By Mark Lo, MD, MS, Medical Director, Telehealth and Digital Health, Seattle Children’s
I was walking out of the emergency department after a busy shift the other day, and I passed a staff member who was taking her lunch break outside. She was marvelously managing to simultaneously fork pasta into her mouth while holding her mobile phone in her other hand, video conferencing with a loved one. Watching her effortlessly communicate her advice, body language, and empathy all via Internet audiovisual smartphone, I reflected on how the technology for telehealth has come of age. And yet, challenges remain for telehealth as it strives to gain traction in our healthcare industry.
Videoconference medicine should no longer be considered an innovation.
We should be using available technology and resources to meet 21st century patient and customer expectations of delivering healthcare over vast geographical distances. Any healthcare provider you know will share with you stories of how they field texts, images, and videos of family and friends clamoring for medical advice: “Is this serious? Do I need to go to the ER?” Mainstream technology and Internet savviness has advanced rapidly, but the hospitals have not kept up. The operational barriers for telehealth are significant, and it will take a robust commitment to enable ubiquitous use in everyday medicine. We want to get to the tipping point where providers see the patient during a visit, and the modality of in-person or virtual is an afterthought.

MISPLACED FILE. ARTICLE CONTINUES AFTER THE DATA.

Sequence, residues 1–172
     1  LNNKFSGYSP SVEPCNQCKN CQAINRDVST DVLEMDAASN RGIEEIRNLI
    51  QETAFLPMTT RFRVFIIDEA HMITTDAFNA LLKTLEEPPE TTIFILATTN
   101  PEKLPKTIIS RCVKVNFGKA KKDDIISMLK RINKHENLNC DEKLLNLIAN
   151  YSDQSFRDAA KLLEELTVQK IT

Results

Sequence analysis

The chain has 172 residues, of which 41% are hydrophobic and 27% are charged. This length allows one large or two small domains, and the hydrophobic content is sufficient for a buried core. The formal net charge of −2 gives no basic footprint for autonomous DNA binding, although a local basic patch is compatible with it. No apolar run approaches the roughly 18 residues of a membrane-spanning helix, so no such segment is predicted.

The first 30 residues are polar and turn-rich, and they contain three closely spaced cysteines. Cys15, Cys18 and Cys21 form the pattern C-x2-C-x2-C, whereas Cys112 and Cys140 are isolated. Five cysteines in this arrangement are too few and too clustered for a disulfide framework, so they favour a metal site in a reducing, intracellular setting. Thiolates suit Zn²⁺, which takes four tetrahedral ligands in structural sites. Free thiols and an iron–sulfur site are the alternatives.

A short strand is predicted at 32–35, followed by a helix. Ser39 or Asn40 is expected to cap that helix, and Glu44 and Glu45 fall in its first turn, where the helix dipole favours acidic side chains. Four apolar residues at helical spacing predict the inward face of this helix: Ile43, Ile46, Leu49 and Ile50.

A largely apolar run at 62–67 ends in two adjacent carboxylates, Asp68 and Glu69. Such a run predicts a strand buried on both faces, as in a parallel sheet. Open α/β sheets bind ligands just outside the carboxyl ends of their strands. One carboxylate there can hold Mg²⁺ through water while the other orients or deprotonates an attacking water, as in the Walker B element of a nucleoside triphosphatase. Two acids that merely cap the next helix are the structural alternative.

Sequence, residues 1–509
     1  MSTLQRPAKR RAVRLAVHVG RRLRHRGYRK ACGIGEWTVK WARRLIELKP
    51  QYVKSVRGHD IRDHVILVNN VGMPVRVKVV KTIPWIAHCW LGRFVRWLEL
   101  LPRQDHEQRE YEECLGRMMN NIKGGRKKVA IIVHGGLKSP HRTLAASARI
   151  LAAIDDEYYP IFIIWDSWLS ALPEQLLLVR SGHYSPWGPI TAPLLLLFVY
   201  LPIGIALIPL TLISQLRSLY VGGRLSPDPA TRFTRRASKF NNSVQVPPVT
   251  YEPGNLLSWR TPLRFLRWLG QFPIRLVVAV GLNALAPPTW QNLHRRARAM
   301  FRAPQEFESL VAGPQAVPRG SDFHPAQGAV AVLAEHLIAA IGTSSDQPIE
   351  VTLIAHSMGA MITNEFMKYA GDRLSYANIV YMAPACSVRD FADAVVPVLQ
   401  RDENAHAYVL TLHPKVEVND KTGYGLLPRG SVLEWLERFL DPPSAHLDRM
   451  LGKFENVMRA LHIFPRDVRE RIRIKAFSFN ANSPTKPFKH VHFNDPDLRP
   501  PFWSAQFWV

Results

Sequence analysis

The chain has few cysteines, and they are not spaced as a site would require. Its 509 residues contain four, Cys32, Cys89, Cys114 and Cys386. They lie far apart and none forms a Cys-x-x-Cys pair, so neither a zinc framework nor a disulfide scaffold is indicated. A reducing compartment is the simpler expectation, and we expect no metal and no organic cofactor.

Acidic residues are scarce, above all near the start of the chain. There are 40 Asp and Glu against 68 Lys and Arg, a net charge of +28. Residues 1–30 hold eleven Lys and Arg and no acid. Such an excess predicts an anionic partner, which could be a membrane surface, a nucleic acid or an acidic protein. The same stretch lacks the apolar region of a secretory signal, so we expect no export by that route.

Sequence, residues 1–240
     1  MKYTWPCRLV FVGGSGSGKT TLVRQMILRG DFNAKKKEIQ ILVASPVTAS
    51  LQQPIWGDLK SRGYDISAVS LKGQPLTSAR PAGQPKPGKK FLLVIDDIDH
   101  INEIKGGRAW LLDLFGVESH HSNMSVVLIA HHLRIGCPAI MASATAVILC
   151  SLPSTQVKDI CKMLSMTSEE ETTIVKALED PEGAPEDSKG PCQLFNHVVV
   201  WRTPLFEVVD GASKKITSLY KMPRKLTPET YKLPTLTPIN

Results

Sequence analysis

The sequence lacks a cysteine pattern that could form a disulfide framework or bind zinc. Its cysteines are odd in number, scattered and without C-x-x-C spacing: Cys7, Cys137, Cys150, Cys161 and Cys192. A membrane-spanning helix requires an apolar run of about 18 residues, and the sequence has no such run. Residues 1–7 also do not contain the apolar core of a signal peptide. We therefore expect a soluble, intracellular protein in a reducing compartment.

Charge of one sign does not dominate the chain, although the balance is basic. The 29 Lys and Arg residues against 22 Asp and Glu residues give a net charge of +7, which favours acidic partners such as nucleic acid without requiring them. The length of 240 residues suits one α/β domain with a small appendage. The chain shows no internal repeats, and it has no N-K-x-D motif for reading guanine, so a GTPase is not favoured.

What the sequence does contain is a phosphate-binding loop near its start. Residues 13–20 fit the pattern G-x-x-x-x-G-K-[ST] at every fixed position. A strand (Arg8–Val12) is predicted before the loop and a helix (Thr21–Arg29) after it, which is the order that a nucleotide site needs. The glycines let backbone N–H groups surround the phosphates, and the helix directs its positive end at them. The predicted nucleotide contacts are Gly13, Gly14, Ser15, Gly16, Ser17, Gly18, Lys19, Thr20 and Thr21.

Telehealth is not a strategy in itself.
It may be a tactic to achieve strategic hospital aims, but it should never be viewed as the magic elixir to cure all operational woes. Telehealth may be seen as a catch-all solution for patient access, increasing utilization, bringing in new patients – all of the above. New telehealth projects may follow the impulses of dedicated provider champions who have the loudest voices and are willing to spend the time to start a new service line. When the hospital’s strategic goals are well-defined with specificity and resource commitment, then telehealth can be applied judiciously as one of many tactics, focusing on areas that best serve the hospital goals.
Redefine your telehealth ROI.
Telehealth research, as well as ongoing experience, are showing that telehealth is not a massive money-maker for hospitals. There can be real benefits when telehealth is applied as a cost-saving measure, especially in value-based care systems. It will be difficult for telehealth to show its value from a strict revenue-in and expense-out model. For telehealth to be seen as “worth it” for investment by a hospital, we need to recalculate a “value ROI” which demonstrates the importance of telehealth. The value equation may include items such as downstream revenue/long term value of retained patients, branding, savings associated with freeing up bed capacity or preventing transfer, cost savings from provider travel, bringing in new patients, saved provider time, saved patient travel miles, or patient/provider satisfaction. Value needs to be evaluated holistically over time and not limited to dollars alone, or else telehealth may have a more difficult time breaking even.